- Now repentance could not come unto men except there were a punishment, which also was as eternal as the life of the soul, should be affixed opposite to the plan of happiness, which was as eternal also as the life of the soul. Now, how could a man repent except he should sin? How could he sin if there was no law? How could there be a law save there was a punishment? Now there was a punishment affixed and a just law given, which brought remorse of conscience unto man. Now if there was no law given (if a man murdered, he should die), would he be afraid he should die if he should murder? And also, if there was no law given against sin, men would not be afraid to sin. And if there was no law given if men sinned, what could justice do? Or mercy either? For they would have no claim upon the creature. But there is a law given, and a punishment affixed, and repentance granted, which repentance mercy claimeth. Otherwise, justice claimeth the creature and executeth the law, and the law inflicteth the punishment. If not so, the works of justice would be destroyed and God would cease to be God. But God ceaseth not to be God, and mercy claimeth the penitent, and mercy cometh because of the atonement, and the atonement bringeth to pass the resurrection of the dead, and the resurrection of the dead bringeth back men into the presence of God. And thus they are restored into his presence, to be judged according to their works, according to the law and justice. For behold, justice exerciseth all his demands, and also mercy claimeth all which is her own; and thus none but the truly penitent are saved.
- What? Do ye suppose that mercy can rob justice? I say unto you, nay, not one whit. If so, God would cease to be God. And thus God bringeth about his great and eternal purposes, which were prepared from the foundation of the world. And thus cometh about the salvation and the redemption of men, and also their destruction and misery. Therefore, O my son, whosoever will come may come and partake of the waters of life freely. And whosoever will not come, the same is not compelled to come, but in the last day it shall be restored unto him according to his deeds. If he has desired to do evil and has not repented in his days, behold, evil shall be done unto him according to the restoration of God.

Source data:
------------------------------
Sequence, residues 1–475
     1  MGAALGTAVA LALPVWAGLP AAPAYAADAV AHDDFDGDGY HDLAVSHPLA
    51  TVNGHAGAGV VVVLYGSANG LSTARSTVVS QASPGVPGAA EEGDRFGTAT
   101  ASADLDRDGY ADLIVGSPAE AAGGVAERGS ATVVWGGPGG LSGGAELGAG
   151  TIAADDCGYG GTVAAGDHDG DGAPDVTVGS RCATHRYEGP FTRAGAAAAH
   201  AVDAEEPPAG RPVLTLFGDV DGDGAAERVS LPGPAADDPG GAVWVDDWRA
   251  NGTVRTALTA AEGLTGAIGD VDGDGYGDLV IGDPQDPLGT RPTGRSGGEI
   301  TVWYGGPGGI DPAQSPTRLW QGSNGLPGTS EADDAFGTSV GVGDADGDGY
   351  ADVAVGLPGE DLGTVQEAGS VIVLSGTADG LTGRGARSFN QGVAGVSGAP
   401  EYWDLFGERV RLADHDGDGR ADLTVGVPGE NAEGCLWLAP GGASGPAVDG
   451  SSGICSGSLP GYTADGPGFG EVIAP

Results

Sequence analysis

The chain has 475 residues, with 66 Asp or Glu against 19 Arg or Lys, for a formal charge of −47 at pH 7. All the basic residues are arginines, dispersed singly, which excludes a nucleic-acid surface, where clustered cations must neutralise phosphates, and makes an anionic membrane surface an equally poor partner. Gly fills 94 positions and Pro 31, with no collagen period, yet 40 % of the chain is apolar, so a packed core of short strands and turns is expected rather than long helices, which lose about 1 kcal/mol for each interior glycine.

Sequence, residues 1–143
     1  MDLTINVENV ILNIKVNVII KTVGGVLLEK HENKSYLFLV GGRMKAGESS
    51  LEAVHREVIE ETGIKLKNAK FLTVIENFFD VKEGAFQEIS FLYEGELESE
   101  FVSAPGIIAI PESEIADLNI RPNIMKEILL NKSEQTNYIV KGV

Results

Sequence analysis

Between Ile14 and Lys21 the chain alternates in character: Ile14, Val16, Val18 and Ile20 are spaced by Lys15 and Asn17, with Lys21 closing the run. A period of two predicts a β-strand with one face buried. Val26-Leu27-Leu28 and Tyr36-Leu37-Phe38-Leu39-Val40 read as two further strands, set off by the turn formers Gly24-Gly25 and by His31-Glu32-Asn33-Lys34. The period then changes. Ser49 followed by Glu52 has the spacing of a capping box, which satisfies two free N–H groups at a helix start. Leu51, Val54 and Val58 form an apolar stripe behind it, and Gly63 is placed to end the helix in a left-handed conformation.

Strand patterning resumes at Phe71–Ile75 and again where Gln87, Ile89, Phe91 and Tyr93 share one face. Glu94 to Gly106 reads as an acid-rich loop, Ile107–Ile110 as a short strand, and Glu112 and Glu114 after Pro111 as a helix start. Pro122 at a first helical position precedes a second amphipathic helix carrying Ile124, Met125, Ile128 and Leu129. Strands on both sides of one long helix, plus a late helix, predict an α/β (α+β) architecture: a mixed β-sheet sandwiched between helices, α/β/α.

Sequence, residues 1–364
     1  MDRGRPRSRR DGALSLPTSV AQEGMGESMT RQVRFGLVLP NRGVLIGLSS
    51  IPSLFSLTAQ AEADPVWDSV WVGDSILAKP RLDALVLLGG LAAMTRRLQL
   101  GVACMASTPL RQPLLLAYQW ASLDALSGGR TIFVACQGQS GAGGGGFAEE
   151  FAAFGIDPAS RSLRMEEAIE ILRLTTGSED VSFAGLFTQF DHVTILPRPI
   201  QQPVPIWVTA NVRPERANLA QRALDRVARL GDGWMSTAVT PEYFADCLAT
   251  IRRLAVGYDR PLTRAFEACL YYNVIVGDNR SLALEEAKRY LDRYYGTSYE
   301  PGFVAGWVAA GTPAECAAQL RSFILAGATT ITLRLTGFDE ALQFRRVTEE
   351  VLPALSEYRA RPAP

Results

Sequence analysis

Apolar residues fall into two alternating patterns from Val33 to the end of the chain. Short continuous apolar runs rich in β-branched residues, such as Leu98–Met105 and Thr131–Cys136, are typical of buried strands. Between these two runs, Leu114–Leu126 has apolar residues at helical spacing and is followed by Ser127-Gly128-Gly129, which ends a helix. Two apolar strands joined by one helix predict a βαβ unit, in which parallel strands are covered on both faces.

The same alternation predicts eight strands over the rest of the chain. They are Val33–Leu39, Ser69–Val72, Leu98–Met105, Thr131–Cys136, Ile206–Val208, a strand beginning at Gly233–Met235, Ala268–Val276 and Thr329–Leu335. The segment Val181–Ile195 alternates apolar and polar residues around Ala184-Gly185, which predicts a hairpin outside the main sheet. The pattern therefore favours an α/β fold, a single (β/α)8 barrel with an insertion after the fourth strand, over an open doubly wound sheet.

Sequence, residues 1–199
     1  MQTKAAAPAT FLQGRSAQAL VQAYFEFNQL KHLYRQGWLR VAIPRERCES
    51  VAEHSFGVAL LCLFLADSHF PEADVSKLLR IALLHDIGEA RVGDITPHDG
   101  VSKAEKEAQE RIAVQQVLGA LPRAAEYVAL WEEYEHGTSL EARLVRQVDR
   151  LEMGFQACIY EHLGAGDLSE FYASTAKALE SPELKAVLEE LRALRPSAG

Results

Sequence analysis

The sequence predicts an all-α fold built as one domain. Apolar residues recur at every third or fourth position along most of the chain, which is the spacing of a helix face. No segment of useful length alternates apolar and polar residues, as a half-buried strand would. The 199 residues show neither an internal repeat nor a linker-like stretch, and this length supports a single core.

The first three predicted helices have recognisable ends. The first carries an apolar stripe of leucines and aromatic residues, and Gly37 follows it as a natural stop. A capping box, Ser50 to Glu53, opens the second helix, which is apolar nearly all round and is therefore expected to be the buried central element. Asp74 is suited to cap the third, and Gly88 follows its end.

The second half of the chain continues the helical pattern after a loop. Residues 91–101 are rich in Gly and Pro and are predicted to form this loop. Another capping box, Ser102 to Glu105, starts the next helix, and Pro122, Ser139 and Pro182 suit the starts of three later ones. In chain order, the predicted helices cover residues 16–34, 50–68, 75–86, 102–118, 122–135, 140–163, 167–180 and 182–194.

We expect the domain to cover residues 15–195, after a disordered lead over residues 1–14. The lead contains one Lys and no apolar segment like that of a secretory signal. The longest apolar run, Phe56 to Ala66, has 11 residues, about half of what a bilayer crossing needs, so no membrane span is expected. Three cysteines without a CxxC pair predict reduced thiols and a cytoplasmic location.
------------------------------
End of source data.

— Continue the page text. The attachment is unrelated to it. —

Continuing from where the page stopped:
- And now, my son, I desire that ye should let these things trouble you no more, and only let your sins trouble you with that trouble which shall bring you down unto repentance. O my son, I desire that ye should deny the justice of God no more. Do not endeavor to excuse yourself in the least point because of your sins by denying the justice of God, but do you let the justice of God and his mercy, and his long-suffering, have full sway in your heart, but let it bring you down to the dust in humility. And now, my son, ye are called of God to preach the word unto this people. And now, my son, go thy way; declare the word with truth and soberness, that thou mayest bring souls unto repentance, that the great plan of mercy may have claim upon them. And may God grant unto you, yea, even according to my words. Amen.
The commandments of Alma to his son Corianton.